Sometimes for an artist, as with any other profession or lifestyle, one finds it necessary to do some gardening.
What do I mean by that?
Well, as any gardener knows, a weed is really just a plant that is growing where you don’t want it to. There is nothing inherently wrong with this plant, many weeds are beautiful wildflowers, and many are useful to humans and animals alike. However, if you have a plan for a garden that calls for tomatoes to grow in this particular patch of earth, and instead you find dandelions and grass, you decide to take action.
That is the place I found myself in today. I belonged to artist group on Facebook that was supposed to help artists figure out how to market their work. However, the group was generally not that helpful. Several times I posted links to my website asking for advice on the appearance and structure of the website, and found myself not only not getting helpful answers, but also having it implied that I was just trying to promote myself on the group.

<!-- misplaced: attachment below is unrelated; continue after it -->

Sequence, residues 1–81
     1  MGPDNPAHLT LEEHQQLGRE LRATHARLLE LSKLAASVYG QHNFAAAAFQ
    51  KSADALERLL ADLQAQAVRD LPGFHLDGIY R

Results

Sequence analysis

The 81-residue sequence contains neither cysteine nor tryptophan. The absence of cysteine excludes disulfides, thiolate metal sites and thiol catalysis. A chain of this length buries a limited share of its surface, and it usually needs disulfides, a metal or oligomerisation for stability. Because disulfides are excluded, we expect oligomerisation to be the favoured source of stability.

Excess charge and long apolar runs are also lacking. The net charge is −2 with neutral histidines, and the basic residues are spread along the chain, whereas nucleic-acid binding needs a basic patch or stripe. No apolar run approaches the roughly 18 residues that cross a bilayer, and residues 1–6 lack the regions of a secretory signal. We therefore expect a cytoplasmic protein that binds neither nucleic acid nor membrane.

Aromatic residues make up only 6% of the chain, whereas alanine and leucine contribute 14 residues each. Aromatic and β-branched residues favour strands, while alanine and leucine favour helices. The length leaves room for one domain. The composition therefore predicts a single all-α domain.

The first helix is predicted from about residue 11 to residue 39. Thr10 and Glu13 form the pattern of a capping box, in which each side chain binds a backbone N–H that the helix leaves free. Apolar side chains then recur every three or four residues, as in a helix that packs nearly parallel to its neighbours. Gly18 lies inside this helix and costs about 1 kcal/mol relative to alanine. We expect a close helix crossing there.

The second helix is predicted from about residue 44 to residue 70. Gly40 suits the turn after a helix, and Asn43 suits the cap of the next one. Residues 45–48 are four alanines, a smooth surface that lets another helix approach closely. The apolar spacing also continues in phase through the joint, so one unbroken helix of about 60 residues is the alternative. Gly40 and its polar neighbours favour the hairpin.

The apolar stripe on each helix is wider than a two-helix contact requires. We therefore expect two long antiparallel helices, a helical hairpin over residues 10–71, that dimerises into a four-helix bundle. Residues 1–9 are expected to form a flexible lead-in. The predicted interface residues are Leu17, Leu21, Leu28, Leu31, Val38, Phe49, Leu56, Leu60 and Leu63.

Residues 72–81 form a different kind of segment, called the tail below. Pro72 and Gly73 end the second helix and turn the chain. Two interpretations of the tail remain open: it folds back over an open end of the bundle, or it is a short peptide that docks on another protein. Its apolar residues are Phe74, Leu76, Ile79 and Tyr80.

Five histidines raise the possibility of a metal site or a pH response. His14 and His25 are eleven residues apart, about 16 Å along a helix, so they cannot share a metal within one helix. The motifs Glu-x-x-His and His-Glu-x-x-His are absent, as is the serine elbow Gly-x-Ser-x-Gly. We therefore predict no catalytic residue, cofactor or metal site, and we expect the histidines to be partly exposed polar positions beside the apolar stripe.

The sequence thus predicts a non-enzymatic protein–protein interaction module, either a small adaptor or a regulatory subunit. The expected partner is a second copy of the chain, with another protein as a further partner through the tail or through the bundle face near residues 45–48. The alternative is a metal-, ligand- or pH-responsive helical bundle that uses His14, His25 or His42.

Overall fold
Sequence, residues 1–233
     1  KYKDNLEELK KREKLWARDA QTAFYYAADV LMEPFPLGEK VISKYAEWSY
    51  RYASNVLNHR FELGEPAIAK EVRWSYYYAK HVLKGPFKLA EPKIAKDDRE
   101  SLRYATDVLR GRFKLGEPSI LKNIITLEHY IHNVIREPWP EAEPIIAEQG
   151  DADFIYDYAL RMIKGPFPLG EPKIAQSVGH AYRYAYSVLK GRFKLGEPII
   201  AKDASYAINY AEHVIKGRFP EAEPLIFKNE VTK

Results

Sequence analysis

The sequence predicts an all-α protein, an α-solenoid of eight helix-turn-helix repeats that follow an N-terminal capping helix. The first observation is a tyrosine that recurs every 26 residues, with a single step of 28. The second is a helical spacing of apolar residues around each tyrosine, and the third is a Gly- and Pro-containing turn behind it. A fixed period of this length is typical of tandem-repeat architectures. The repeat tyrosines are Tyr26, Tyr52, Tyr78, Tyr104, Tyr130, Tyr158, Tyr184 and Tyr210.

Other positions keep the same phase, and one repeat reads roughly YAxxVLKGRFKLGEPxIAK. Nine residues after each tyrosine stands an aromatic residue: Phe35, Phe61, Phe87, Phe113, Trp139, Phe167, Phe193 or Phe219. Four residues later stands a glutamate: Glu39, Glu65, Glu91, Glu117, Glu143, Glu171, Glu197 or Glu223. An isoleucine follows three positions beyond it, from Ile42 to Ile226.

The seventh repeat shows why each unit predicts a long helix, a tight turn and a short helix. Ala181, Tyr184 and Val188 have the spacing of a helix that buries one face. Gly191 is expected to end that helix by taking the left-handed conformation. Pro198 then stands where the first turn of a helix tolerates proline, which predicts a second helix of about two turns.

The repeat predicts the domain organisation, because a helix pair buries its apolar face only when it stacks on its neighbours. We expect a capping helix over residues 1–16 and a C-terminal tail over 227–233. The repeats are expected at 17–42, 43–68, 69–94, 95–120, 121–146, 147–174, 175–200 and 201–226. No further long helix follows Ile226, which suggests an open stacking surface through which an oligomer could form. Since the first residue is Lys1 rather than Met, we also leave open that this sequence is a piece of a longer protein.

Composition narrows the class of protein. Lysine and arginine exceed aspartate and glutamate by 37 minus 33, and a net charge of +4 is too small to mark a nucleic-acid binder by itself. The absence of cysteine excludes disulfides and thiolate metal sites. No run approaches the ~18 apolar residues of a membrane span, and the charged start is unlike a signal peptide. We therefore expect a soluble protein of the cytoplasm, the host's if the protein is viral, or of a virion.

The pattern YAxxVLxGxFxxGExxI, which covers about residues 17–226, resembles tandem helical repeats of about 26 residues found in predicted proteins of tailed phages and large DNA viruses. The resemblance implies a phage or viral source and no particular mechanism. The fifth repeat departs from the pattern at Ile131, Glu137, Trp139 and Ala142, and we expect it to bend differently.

Well, why would I promote myself to other artists who are all trying to market their own art? I was simply asking for help, which was the stated purpose of the group, help with marketing.
If today’s incidents had been the first problems, I would have shrugged it off, apologized for my “mistake”, and moved on. But it’s happened before, it seems like any attempt to share any part of your own experience on that group is viewed as self promotion and is against the rules. I am not one to make trouble, and I am not one to knowingly violate the rules, but with this group I just seemed to not be able to understand how they wanted things done. I grew weary of innocent requests for help being removed from the group wall, and I began to wonder what was the point of belonging to the group if I couldn’t ask for help.